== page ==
A passionate tale – a trilogy – part deux

Food and socialising are a natural pairing for me. I grew up in central Pennsylvania where the community revolved around potlucks and perogies. This culture plus the cooking methods of my working Mother left me on the heavier side. Add beer, calzones and wings to the mix when I went to college and…let’s just say that I was doubling up, but I wasn’t talking about my major! When I was launched into adulthood, I learned to cook for two reasons: I was too poor to eat out and I wanted to learn more about what I was taking into my body. Eating out was not an option but learning how to cook my favorite dishes was! Turns out I was good at it! Good enough to eventually be invited by a friend’s wife to join the teaching staff at the cooking school that she leads in Marin county/San Francisco. I loved it! Never mind that I was 25+ and working nights and weekends to teach around my day job. The long hours didn’t matter. I loved learning from the more senior staff. I loved teaching techniques instead of just recipes, so students could take actual skills they could use on another recipes home with them. I loved the spark in a student’s eye when a kitchen “secret” became unlocked to them and they first realised – Hey! I can do this! It was so gratifying passing on my knowledge and tips from my own journey from eater to home chef.

Being able to cook is an essential life skill in the same vein as being able to do your own laundry or managing your bank account. It gives confidence that you can take care of yourself and your loved ones. Plus, it’s a great party trick! I have suspected more than once that I as invited to a BBQ or dinner party because I would not show up empty handed! Finally, being able to cook and knowing what ingredients and techniques are used on a recipe is akin to understanding how the engine of a car works. When you understand the components of a recipe or the techniques used to create it then you can navigate the roads of any menu. When you learn that you love a taste, like yuzu or bone marrow, then you can start to explore with similar tastes! Alternatively, this knowledge extends beyond choosing healthier cooked foods but also to the foundational flavours of other cuisines like Coriander/Cilantro in Mexican food, crushed peanuts in Thai, or star anise in Chinese dishes which are common aversions.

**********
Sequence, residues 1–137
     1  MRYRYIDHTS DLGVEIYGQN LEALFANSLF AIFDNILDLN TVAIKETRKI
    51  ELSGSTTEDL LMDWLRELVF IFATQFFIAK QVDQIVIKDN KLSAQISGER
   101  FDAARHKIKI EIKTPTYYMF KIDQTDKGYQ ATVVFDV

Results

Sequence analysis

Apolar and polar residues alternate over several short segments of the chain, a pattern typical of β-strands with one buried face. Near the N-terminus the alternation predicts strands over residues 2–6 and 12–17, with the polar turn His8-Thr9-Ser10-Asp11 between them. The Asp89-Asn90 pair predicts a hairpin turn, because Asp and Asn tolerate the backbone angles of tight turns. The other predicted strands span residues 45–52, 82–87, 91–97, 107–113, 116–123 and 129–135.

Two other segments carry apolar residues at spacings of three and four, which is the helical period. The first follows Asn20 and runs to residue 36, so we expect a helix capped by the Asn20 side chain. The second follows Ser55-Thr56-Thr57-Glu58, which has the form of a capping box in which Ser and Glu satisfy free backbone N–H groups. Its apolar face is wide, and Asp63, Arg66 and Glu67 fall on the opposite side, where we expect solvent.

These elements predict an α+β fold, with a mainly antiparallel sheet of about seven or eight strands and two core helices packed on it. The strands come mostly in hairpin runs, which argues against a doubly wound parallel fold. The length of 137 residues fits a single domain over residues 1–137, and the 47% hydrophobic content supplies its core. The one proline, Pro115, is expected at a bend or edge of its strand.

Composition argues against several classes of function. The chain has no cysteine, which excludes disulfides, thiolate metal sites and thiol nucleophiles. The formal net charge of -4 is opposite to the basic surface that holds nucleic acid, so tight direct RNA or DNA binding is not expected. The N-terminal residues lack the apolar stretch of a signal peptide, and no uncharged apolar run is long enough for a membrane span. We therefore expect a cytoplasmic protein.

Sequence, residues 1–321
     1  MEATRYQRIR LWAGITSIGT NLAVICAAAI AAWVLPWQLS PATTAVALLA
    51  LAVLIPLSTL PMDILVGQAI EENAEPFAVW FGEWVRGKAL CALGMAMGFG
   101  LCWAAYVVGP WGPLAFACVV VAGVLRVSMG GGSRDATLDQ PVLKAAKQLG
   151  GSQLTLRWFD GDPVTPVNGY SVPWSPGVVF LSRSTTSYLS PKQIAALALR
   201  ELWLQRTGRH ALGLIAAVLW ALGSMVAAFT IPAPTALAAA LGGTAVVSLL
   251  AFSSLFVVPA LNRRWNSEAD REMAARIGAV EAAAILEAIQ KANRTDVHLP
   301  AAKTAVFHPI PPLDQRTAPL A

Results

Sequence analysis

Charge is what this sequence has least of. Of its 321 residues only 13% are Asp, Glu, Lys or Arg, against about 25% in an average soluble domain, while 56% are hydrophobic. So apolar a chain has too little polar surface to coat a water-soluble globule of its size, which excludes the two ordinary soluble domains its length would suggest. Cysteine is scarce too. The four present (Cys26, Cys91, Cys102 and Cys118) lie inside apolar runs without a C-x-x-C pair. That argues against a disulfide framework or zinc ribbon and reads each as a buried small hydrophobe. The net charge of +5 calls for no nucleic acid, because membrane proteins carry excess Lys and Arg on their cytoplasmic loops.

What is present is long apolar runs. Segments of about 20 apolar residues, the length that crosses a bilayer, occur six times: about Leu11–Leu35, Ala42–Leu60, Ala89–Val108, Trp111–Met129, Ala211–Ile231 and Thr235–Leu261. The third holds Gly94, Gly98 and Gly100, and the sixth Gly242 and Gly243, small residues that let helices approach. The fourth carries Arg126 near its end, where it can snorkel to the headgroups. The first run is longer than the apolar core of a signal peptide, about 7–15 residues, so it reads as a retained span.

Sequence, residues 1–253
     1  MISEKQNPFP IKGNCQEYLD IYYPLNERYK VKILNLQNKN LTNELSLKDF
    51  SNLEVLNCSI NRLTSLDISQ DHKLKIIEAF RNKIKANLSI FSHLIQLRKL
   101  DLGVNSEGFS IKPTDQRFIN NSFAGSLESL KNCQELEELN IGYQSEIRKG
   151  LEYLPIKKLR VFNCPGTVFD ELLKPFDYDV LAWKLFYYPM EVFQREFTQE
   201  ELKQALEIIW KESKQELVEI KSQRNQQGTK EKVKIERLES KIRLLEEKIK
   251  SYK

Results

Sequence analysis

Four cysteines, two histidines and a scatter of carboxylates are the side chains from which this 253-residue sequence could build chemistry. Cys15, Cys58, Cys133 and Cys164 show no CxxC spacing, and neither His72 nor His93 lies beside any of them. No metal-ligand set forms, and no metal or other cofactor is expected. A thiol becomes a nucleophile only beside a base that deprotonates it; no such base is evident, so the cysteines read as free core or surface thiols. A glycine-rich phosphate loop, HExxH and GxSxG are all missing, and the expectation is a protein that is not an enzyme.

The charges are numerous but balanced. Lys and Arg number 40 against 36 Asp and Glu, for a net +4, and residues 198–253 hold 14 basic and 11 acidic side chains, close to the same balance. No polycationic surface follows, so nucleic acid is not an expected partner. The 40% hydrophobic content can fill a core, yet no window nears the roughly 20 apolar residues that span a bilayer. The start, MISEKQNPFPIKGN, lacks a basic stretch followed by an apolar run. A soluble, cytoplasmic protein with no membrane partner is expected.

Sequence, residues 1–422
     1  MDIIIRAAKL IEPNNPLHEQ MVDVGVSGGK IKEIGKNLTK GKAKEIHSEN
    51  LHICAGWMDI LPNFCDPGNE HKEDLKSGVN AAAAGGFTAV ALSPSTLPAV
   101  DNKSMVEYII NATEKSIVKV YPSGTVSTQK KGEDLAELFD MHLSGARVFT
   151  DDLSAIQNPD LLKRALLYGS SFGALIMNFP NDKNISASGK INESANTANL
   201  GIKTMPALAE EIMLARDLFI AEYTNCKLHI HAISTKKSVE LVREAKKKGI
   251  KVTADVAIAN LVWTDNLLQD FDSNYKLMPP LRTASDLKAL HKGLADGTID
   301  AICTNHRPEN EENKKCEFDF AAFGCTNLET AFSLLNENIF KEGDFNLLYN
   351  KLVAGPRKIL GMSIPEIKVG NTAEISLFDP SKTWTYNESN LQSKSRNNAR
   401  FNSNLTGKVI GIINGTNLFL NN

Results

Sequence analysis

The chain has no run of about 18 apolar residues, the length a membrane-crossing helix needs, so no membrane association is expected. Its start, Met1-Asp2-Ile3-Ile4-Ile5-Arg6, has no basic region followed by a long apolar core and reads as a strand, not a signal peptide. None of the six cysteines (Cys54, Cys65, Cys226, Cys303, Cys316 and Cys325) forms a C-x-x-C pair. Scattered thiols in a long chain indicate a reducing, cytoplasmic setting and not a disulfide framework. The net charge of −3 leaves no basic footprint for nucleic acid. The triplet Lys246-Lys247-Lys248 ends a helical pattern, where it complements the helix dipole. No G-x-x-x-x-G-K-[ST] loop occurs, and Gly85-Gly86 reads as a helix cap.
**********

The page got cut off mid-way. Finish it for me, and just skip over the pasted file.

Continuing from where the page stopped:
Years ago, I went on a trip to Japan to ski and then see the sights with a group of friends. One of the guys on the trip started the trip by casually mentioning that he didn’t really like fish very much. WHAT!?! Over the course of the trip, he complained about the “hidden fish” in every dish regardless of whether it was fish based or not. Eventually, I was able to figure out that it was the dashi and, potentially, the seaweed that is so essential to Japanese cooking that he was sensitive to! Dashi, which is flaked, dried, fish and seaweed are both used to create the “5th flavour” named umami. They both contain natural MSG which brings a natural savouriness to any dish. It is not an ingredient to English cuisine so, without having known about the essentials of Japanese food, poor Richard would have died of starvation from all the “hidden fish”. Knowledge is power, folks. Knowledge is power.

Over the years, I have always kept one foot in the cooking and restaurant industry. I’ve done almost everything from work the line or wait tables in a restaurant, teaching, working with Austin’s food & festival or having my own pop-up restaurants and dinner clubs. I never stray from my passion and bringing my passion to those who share my enthusiasm for exploration through cooking. Over the years, a pattern emerged of a cooking video, dinner club, or pop-up restaurant following my trip to a far-off land. Greece, Germany, Thailand, South Africa, Morocco – my love of traveling and natural ability to draw connections from my own culture to these new lands through their cuisine never fades, never gets old. Everything about a culture manifests in its gastronomy. Whether its history, geography, economics, religion, biology – its all there in the ingredients, techniques and rituals of their cuisines. Connecting cultures through cuisines is a movement that we can all grab a little taste of what the world has to offer.

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